Transaction Summary and Reasons for Special Committee BP p.l.c. entered into a definitive agreement to acquire the 45.6% interest that it did not already own in BP Midstream Partners LP for 0.575 BP American Depositary Shares for each unit of BP Midstream Partners. The board of directors delegated to a conflicts committee of the board, consisting solely of independent directors, the authority to review, evaluate, negotiate and approve the transaction on behalf of BP Midstream Partners LP and the public unaffiliated unitholders. As the majority unitholder, BP agreed to deliver a written consent approving the merger.

The unaffiliated unitholders will receive a consent statement/prospectus at least 20 days prior to the closing of the merger, which will include a form of consent that may be executed unaffiliated unitholders. However, no consent or approval is required from any unaffiliated unitholder to consummate the merger.

Announced Date 12/20/2021
Target Name BP Midstream Partners LP
Acquirer Name BP p.l.c.
Equity Value $723,000,000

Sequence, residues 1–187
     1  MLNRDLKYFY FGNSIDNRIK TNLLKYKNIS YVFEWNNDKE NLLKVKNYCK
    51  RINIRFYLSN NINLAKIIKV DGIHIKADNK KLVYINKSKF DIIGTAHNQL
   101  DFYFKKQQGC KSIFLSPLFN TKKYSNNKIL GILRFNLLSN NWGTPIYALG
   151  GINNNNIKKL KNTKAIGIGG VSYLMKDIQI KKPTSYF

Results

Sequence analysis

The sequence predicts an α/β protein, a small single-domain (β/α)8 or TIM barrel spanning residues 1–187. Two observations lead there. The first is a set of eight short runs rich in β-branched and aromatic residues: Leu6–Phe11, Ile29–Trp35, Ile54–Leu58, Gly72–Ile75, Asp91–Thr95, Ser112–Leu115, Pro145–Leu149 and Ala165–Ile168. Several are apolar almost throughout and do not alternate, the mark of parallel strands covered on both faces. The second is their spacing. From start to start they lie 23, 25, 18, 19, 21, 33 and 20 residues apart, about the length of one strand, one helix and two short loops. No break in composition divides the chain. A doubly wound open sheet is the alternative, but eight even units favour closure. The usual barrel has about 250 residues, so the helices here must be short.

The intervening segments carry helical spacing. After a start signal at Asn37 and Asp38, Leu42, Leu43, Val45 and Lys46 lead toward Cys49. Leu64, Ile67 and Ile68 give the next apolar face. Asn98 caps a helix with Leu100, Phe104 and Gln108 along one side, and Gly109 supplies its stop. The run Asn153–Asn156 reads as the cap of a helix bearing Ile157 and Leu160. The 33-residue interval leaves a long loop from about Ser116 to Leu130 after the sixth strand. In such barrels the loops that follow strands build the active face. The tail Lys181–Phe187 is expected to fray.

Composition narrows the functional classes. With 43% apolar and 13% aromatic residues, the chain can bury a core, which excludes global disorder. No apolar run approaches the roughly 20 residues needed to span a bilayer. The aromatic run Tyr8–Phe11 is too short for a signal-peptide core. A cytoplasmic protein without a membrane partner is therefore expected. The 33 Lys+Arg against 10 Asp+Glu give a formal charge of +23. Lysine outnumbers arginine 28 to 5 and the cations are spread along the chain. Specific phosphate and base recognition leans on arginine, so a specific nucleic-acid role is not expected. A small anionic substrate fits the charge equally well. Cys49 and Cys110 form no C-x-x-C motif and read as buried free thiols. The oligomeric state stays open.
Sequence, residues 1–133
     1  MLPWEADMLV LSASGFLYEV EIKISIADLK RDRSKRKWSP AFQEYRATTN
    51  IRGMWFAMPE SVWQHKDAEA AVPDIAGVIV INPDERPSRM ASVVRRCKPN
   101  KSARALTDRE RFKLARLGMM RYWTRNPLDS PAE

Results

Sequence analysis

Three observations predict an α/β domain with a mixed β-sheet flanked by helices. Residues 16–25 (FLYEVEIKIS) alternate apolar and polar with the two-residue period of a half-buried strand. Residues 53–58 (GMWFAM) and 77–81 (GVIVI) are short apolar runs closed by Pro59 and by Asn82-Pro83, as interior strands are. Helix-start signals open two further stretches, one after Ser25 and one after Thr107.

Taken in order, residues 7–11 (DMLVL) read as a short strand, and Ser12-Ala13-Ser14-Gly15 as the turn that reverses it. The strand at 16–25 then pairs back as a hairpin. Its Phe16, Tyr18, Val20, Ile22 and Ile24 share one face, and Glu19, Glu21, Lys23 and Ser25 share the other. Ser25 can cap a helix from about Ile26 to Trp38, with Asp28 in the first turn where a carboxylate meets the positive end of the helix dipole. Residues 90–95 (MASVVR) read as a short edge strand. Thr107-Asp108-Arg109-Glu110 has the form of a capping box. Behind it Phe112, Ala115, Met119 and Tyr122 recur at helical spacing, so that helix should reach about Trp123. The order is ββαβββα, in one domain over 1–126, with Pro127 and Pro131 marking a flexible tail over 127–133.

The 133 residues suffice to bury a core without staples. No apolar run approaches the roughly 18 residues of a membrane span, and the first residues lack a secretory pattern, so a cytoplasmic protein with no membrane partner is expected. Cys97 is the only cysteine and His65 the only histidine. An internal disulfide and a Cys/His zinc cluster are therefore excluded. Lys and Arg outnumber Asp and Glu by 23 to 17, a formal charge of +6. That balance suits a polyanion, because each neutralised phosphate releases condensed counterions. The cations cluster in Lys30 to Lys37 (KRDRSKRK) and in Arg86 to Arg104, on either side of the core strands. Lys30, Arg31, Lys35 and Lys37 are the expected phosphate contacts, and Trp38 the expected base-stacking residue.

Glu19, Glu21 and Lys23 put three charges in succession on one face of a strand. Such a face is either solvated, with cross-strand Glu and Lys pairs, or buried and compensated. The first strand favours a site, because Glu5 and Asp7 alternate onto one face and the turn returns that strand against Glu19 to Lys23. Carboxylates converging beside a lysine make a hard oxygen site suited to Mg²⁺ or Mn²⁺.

Transaction Status Pending
Special Committee Type Target
Was MFW Used? No

Endnotes

1 Kahn v. M&F Worldwide Corp., 88 A. 3d 365 (Del. 2014)(go back)

2 The other conditions are: (ii) the committee is independent; (iii) the committee is empowered to select its own advisors and to say no definitively; (iv) the committee meets its duty of care in negotiating a fair price; (v) the vote of the minority is informed; and (vi) there is no coercion of the minority. MFW, 88 A.3d at 645.(go back)

3 Flood v Synutra Int’l, Inc., 195 A.3d 754 at 763 (Del. 2018) (“The essential element of MFW, then, is that these requirements cannot be dangled in front of the Special Committee, when negotiations to obtain a better price from the controller have commenced, as a substitution for a bare-knuckled contest over price.”).(go back)

4 Synutra Int’l, 195 A.3d 754 (Del. 2018).(go back)

5 Id.(go back)

6 Nicholas Olenik v. Frank A. Lodzinski et al. and Earthstone Energy, Inc., [full cite] (Del. Apr. 5, 2019). A similar conclusion was reached by the Delaware Supreme Court in Olenik v Lodzinski, 208 A.3d 704 (Del. 2019).(go back)

7 HBK Master Fund LP et al. v. Pivotal Software, Inc. et al., C.A. No. 2020-0165-KSJM, tr. ruling (Del. Ch. June 29, 2021).(go back)

8 MH Haberkorn 2006 Trust et al. v. Empire Resorts, Inc. et al., C.A. No. 2020-0619-KSJM, tr. ruling (Del. Ch. July 23, 2021).(go back)